Bleah. Sid the Sinus Headache is in residence again, causing me to pop Advil like Smarties for the last three days, and bite more students than I really strictly should. It's all very boring. I shall distract myself, as is traditional, with linkery.
- Less boringly, The Roundhouse on Friday night was great. Expensive, but great.
- This is a very chilling, very beautifully restrained, very, very good piece of writing. Zombies and politics go together surprisingly well.
- This is a dread warning for smoczek, courtesy of schedule5. Apparently we're in for a potato shortage, and serious potato-fiends may want to think about growing their own. I've now filled all my veggie boxes with other veggies, and am out of space. Maybe I can plant some in the disused wing of the Evil Landlord's bed. The one Fish used to sleep in.
- I'm motoring through yet another re-watch of The Lord of the Rings, which is proving instructive. Still enchanting and emotional; cast still pleasingly hot. However, at this distance the lame dwarf jokes are a lot lamer and more dissonant with the mood than they were in the heady days of first love, and the whole thing makes me realise, slightly horrified, that in purely ideological terms China Miéville was right. There's truly nasty stuff here in terms of reactionary conservatism, racism, class-consciousness, symbolic reductionism and what have you. However, Miéville appears to have recanted his earlier "wen on the arse of fantasy" comment, and apparently liked the films. He nails, I think, the reason why I could finish Two Towers last night and still love the movie, despite a ten-minute fulmination to the Evil Landlord on the bloody Osgiliath detour and how poor Faramir was shafted: it's because the adaptation takes the text so seriously even when its choices are, to my mind, not entirely defensible. Miéville argues that Jackson "cares passionately, even about something as flawed as Tolkien's work, and commits to it totally. The film is rich with this integrity." It's why, I think, I'll be returning to these movies for a happy re-immersion at regular intervals until the end of my eccentric tea-drinking cat-lady days.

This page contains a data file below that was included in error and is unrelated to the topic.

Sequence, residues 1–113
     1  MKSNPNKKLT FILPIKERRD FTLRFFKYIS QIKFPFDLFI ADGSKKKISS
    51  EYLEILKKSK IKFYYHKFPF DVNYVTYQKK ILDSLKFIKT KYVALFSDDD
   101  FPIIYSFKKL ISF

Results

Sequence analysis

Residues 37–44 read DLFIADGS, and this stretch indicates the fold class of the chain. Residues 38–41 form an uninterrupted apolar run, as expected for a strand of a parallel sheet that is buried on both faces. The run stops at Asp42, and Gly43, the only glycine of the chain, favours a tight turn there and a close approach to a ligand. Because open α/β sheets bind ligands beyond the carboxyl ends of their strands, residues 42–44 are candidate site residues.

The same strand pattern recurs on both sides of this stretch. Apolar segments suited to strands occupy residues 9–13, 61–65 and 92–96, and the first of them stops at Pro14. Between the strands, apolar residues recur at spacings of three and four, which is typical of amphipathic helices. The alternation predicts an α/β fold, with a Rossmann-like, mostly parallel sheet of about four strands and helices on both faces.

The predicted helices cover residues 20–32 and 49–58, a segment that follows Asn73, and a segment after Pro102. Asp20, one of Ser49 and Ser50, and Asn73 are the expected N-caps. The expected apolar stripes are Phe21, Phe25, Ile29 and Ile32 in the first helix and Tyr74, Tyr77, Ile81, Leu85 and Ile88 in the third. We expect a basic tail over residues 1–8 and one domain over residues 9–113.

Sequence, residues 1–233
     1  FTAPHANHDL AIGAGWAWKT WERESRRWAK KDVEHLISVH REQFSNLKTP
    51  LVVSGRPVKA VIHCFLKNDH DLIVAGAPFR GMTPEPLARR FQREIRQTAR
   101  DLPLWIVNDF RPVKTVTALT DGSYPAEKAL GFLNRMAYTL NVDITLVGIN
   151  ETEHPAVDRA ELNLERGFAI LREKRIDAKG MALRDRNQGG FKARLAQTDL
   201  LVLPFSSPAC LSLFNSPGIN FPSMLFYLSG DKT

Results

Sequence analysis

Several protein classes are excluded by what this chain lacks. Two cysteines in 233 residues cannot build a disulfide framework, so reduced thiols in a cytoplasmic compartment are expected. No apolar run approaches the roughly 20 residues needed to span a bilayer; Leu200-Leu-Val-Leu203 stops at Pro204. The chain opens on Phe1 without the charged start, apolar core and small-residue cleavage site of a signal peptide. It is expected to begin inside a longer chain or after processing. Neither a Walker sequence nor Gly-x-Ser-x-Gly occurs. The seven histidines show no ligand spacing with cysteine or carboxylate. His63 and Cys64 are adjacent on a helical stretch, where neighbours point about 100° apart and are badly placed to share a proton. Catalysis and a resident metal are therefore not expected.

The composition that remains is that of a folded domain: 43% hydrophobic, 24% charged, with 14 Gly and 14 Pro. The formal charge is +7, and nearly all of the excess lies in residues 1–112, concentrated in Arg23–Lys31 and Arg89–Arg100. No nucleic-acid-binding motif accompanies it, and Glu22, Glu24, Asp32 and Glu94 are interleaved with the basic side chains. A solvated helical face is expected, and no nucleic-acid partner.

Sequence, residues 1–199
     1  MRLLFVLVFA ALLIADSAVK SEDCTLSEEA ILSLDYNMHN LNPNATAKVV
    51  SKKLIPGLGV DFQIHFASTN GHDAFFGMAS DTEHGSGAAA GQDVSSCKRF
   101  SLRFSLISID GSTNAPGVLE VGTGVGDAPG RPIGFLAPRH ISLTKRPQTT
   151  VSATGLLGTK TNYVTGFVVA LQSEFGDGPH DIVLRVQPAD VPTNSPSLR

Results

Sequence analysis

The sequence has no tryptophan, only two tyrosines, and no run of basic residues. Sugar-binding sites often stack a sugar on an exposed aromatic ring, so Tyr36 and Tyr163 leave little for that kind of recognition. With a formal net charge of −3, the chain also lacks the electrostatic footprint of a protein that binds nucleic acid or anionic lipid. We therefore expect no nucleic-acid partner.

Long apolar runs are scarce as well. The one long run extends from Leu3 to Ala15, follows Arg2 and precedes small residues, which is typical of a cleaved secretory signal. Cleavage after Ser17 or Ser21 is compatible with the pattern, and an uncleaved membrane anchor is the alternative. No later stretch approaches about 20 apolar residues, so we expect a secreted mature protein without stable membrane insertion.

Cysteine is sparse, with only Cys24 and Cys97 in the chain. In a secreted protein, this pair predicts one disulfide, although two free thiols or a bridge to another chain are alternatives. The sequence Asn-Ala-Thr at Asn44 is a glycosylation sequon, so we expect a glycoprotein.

Which, of course, raises an interesting point. When I'm an eccentric 86-year-old tea-drinking mad cat lady, which I fully intend to be, I'm planning to while away my happy sunset years by immersing myself in the vast range of film, TV and books which I'm assiduously acquiring even now. As an activity it will, I'd think, occupy pretty much the same space that knitting or growing roses or climbing the Himalayas1 does for old ladies in our day and age. The question is, what the hell are all the younger generations going to be doing which will make it old and odd and passée for me to be drinking Earl Grey and vegging out in front of the internet or Buffy or Lord of the Rings? Boggles the mind, it does.
1 My view of the probable activities of old ladies has possibly been unduly skewed by my mother, who is going to kick butt when she eventually does consent to actually get old.